Communicating research, virtually
By Diane Peters
Rana Badewy, a PhD candidate in dental public health, wanted to get her 3 Minute Thesis presentation just right. To prepare for the virtual January 19 competition, she attended a remote practice session, a dress rehearsal and sought feedback from associate professor Laurent Bozec, who ran the competition.
She kept tweaking her talk and her slides based on his tips. She also did the quick talk for her sister, an engineer, as Bozec suggested, and fine-tuned it further.
“Those who sought the most advice, it showed during the presentation,” says Bozec. He himself has learned a great deal about conveying his research from his wife, who works in communications, and from working in the U.K. where research applications have to include a lay abstract, not just a scientific one.
The event featured 14 presenters and resulted in three winners that went on to perform again at Research Day, also a virtual event, on February 9. While the 3 Minute Thesis program is intended to convey research quickly to a lay audience, Research Day allows undergrads and grads to share their projects with peers and professors.
Both programs help the Faculty further its goals of supporting cutting-edge research and promoting other skills and ideas to enrich a research career.
“We need to teach them communication skills,” says Bozec, who started the 3 Minute Thesis competition last year. “They need to know how to present in front of an audience.” Students will need these skills if they remain in academia but especially if they work in industry or government.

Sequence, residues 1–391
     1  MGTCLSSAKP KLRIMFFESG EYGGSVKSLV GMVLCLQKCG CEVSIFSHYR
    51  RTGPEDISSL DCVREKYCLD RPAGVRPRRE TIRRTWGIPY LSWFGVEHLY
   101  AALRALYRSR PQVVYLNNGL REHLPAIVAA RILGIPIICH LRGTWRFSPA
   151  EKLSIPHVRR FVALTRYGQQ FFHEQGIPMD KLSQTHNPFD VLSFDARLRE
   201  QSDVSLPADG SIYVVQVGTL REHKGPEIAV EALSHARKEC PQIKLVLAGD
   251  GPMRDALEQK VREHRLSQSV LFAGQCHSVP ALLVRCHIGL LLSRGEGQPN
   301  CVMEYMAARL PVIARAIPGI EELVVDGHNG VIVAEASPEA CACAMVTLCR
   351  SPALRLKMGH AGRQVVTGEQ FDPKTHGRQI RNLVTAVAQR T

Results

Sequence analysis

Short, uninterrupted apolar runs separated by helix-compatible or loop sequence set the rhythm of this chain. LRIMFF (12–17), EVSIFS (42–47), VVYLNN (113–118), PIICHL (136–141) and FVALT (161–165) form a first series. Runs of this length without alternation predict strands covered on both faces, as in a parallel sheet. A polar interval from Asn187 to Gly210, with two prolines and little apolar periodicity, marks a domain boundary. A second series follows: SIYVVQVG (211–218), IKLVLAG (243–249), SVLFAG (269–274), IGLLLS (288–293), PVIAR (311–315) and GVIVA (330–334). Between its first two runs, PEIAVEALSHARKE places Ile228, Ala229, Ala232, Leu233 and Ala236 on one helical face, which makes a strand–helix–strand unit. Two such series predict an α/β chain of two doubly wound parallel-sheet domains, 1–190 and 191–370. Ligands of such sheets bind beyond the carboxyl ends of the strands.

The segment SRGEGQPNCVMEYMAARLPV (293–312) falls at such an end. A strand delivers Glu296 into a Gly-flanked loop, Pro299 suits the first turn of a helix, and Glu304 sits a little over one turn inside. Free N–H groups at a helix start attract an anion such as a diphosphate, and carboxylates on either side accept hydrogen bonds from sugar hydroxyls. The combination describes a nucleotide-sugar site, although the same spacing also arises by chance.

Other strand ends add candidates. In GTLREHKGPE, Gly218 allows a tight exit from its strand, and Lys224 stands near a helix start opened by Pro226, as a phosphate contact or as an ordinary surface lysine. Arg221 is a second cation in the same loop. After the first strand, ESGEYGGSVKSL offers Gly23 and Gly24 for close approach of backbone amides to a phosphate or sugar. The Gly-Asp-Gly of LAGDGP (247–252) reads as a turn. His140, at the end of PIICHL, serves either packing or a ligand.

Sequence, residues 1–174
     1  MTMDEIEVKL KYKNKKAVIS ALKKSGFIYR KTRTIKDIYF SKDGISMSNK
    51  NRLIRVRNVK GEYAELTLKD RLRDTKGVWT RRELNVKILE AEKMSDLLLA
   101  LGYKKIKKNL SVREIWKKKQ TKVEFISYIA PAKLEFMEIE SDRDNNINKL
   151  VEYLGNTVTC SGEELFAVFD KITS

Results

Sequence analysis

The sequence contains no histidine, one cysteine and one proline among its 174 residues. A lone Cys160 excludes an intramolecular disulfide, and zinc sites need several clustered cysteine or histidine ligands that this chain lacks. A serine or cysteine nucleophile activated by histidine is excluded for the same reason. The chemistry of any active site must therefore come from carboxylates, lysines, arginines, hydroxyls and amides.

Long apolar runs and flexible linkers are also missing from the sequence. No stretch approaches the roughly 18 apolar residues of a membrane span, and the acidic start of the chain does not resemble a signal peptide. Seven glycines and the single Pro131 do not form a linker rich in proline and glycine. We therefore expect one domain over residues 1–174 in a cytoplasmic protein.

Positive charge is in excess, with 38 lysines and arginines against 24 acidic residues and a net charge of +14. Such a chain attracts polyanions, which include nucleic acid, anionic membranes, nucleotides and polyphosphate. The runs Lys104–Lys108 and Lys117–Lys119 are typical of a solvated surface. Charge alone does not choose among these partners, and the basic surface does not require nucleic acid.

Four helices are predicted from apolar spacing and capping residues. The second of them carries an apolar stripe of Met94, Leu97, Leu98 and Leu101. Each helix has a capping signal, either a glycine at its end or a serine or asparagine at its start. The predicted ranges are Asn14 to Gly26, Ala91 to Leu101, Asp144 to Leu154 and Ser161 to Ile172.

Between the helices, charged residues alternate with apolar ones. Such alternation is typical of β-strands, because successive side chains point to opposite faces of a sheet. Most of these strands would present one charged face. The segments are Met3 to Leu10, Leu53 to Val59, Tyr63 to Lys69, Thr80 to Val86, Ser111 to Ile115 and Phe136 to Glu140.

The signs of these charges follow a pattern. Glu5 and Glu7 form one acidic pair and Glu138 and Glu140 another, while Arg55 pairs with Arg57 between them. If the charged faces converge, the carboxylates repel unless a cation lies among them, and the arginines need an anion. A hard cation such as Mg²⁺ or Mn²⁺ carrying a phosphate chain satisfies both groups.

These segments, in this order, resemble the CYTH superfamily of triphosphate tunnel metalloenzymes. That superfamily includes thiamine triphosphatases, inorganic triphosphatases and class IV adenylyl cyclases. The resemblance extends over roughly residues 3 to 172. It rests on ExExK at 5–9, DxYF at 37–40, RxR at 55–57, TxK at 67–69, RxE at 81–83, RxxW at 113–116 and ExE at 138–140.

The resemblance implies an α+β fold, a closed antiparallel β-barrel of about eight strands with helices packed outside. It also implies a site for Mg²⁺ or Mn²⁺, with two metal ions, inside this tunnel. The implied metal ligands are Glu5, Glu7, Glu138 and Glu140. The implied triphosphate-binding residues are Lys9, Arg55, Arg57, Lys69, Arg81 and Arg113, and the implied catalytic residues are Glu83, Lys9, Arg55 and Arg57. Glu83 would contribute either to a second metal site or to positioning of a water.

“They need to know how ideas are understood. How misinformation can be spread. It’s important for them to be able to speak to non-scientists.”
Professor Bernhard Ganss, vice-dean of research, agrees that events like the Faculty’s Research Day develop important skills. He thinks learning to deal with technology and communicating remotely will be useful for students. “I’ve personally learned a lot about these technologies. Things I’ve never known before and that I’ve found superbly useful.”
Many dental and research conferences have been running virtually and many aspects of the health research industry may continue to operate remotely in future. “Some of these virtual changes have a lot of benefits. Not having to travel, not spending money on events and highlighting the value of online resources,” says Ganss.
The three keynote speakers for Research Day were charged with speaking about research during COVID-19. “Something with a positive outlook,” Ganss says he asked them to consider.
He was able to land a trio of important names in dental research as keynote speakers: Pamela Den Besten, president of the International Association for Dental Research; Rena D’Souza, director of the National Institute of Dental and Craniofacial Research; and Walter Siqueira, president of the Canadian Association for Dental Research, who is based in Saskatchewan.
It was a busy day with presentations from postdoctoral, undergraduate and grad students presenting their basic and clinical research. The 3 Minute Thesis winners presented as the final part of the morning session. The winner of this stage, Zach Gouveia will move on to the larger, university-wide competition. (Badewy came in second with her excellent presentation.)
While the hope is that the 2022 editions of these events will again return to in-person formats, these virtual versions promoted important skills that students need and provided a forum to share ideas. Ganss is confident that communication skills in all forms will be increasingly relevant in years to come. “What we’ve learned is that we need to embark on these communication events with our stakeholders and with the public. We need to learn how to communicate science in a way that’s not embellished, that’s objective and that’s easy to understand.”